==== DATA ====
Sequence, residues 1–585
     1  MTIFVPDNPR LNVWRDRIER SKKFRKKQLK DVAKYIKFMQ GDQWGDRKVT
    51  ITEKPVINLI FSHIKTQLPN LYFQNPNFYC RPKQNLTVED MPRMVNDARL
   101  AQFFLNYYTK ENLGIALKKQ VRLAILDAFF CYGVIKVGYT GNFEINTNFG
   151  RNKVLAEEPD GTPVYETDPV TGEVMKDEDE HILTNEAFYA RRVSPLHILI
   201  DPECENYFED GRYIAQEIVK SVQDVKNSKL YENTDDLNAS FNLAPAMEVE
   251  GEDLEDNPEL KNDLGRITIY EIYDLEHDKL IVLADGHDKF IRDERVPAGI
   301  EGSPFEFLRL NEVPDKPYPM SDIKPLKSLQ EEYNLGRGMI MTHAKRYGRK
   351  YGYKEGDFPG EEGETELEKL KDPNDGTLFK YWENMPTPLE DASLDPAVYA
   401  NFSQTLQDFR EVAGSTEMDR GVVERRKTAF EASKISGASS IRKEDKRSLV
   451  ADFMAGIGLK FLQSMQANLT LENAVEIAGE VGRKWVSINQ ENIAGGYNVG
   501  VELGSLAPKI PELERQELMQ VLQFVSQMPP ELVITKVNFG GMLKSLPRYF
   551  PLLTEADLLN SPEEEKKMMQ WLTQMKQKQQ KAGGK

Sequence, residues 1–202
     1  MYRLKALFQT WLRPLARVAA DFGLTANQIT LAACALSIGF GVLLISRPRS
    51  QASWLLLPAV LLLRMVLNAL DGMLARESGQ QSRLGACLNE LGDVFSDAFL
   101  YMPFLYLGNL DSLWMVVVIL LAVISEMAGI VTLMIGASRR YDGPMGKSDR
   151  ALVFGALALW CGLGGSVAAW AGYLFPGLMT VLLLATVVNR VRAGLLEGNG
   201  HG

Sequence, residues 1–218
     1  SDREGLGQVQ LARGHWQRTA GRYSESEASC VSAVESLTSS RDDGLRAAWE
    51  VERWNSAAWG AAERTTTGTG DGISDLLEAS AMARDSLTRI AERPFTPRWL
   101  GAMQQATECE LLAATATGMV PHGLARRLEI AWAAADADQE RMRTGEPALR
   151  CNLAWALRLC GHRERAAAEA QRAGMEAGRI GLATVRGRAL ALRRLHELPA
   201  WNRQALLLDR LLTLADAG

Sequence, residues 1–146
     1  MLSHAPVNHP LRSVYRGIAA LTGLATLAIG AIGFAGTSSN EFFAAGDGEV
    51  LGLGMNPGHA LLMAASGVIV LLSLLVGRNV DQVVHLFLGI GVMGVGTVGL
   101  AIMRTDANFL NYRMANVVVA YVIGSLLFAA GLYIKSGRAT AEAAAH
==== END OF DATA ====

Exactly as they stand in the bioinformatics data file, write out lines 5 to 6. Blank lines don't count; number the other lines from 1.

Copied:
   151  RNKVLAEEPD GTPVYETDPV TGEVMKDEDE HILTNEAFYA RRVSPLHILI
   201  DPECENYFED GRYIAQEIVK SVQDVKNSKL YENTDDLNAS FNLAPAMEVE